If the Leafs go to bolster their defence corps (perhaps after trading one or two of their high-priced incumbents), they could definitely use a tougher, more physical presence at the back end. On the free agent market, players like Brooks Orpik, Kurt Sauer, Dmitri Kalinin and Jim Vandermeer would be among the younger options while Jason Smith, Adam Foote and Aaron Ward would be among the more veteran choices.

Returning Goaltender

Player Rating Salary
Vesa Toskala 70.27 $4.0M
Andrew Raycroft 37.47 $2.2M

Top Prospect: Justin Pogge

In his first season as a full-fledged number on starter, Vesa Toskala generally fared pretty well, but it was an up-and-down ride. The fluctuations could certainly be minimized if the Leafs were to add a stabilizing presence on the blueline, but Toskala is more than adequate as the starting goaltender.

The backup spot, however, is a much more contentious issue. Andrew Raycroft lost the starting job to Toskala and couldn't get on track all season, posting a 2-9 record with a 3.92 goals against average and .876 save percentage. With one more season, at $2.2-million, left on his deal, Raycroft is a prime candidate to be bought out or waived.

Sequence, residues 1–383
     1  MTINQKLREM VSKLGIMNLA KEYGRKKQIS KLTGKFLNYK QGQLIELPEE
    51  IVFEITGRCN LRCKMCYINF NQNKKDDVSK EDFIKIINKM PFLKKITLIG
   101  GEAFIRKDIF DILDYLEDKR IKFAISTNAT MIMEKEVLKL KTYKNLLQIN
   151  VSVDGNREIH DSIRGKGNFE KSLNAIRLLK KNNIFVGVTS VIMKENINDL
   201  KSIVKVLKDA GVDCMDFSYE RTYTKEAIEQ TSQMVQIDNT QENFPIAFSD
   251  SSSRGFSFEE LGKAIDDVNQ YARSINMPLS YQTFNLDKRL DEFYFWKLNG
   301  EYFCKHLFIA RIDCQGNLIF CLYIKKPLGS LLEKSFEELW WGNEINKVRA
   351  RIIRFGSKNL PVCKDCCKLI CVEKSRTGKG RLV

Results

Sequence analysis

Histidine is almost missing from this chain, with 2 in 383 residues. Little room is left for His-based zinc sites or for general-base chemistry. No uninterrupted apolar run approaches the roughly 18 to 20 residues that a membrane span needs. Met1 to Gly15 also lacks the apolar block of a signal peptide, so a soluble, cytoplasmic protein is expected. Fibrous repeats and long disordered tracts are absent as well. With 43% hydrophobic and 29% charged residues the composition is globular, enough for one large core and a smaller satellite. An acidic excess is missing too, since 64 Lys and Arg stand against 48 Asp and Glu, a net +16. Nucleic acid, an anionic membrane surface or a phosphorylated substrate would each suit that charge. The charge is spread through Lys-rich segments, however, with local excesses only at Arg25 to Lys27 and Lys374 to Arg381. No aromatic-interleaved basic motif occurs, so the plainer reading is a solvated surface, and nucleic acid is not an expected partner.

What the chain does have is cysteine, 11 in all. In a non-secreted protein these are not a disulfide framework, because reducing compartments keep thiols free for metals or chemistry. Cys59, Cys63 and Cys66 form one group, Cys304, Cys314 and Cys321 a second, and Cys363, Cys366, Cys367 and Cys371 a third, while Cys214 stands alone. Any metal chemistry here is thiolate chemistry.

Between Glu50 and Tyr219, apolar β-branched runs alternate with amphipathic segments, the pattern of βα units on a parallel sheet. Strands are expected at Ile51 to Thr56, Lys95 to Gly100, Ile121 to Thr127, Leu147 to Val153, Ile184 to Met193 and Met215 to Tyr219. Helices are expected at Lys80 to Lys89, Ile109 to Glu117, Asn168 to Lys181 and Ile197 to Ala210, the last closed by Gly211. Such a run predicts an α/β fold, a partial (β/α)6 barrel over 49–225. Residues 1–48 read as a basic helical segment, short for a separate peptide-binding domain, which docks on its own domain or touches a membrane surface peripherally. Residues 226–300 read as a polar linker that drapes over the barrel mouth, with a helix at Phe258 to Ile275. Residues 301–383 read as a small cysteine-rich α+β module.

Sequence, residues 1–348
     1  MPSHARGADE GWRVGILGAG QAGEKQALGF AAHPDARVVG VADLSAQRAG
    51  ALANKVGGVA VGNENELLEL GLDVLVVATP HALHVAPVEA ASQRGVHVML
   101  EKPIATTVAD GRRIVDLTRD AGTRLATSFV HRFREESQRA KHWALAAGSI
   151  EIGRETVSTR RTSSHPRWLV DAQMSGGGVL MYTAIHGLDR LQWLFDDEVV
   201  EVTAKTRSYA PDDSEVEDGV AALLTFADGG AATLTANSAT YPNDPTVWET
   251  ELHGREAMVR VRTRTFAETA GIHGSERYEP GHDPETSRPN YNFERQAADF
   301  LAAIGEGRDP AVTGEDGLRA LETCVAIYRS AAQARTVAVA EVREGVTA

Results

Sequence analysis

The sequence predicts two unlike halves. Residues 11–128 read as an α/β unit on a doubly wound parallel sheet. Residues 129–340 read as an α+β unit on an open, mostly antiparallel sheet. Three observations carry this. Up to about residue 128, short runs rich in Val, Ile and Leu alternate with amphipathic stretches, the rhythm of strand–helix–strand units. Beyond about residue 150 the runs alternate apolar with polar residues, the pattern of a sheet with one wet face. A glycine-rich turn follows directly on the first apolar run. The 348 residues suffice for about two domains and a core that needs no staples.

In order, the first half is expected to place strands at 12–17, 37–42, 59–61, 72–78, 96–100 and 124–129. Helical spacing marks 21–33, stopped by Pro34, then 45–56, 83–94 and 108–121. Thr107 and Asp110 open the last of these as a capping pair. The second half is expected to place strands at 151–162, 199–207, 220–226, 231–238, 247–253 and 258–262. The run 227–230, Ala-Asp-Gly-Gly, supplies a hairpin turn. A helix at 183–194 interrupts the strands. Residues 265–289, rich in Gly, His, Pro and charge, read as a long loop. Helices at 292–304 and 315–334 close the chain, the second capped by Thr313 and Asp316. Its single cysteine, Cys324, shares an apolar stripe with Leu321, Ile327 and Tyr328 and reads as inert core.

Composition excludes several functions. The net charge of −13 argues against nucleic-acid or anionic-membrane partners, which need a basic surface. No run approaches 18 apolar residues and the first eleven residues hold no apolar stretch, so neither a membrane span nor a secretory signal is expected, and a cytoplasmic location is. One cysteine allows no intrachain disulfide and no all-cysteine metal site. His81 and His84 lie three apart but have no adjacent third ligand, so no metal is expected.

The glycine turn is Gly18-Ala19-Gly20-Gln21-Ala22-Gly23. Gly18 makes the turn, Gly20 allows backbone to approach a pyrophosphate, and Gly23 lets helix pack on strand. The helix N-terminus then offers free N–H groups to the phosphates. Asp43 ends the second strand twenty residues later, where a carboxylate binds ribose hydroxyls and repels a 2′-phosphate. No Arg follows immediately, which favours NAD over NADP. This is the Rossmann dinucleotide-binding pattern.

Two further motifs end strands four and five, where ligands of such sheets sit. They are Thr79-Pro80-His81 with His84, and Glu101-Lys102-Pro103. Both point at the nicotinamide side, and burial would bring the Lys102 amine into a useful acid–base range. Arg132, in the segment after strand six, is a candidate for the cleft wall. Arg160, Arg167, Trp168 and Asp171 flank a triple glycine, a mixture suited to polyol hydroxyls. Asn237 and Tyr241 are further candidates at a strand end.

Justin Pogge improved significantly in his second pro season and appears to be on his way to the NHL, perhaps as soon as next season, where he could ease into the NHL game with 20-25 starts as Toskala's backup.

Otherwise, the Leafs will have to seek out a new veteran backup because it seems unreasonable to expect Raycroft to handle that position any longer.

7th - Alex Pietrangelo, Nikita Filatov, Luke Schenn, Cody Hodgson

The Maple Leafs have approximately $42-million committed to salaries for next season.


Needs: Three top nine forwards, one defenceman, backup goaltender

What I said the Maple Leafs needed last year: Three top nine forwards, backup goaltender

Who did they add? Jason Blake, Mark Bell, Jiri Tlusty, Vesa Toskala

Kubina, McCabe, Blake, Tucker, Wellwood, Stajan

Scott Cullen can be reached at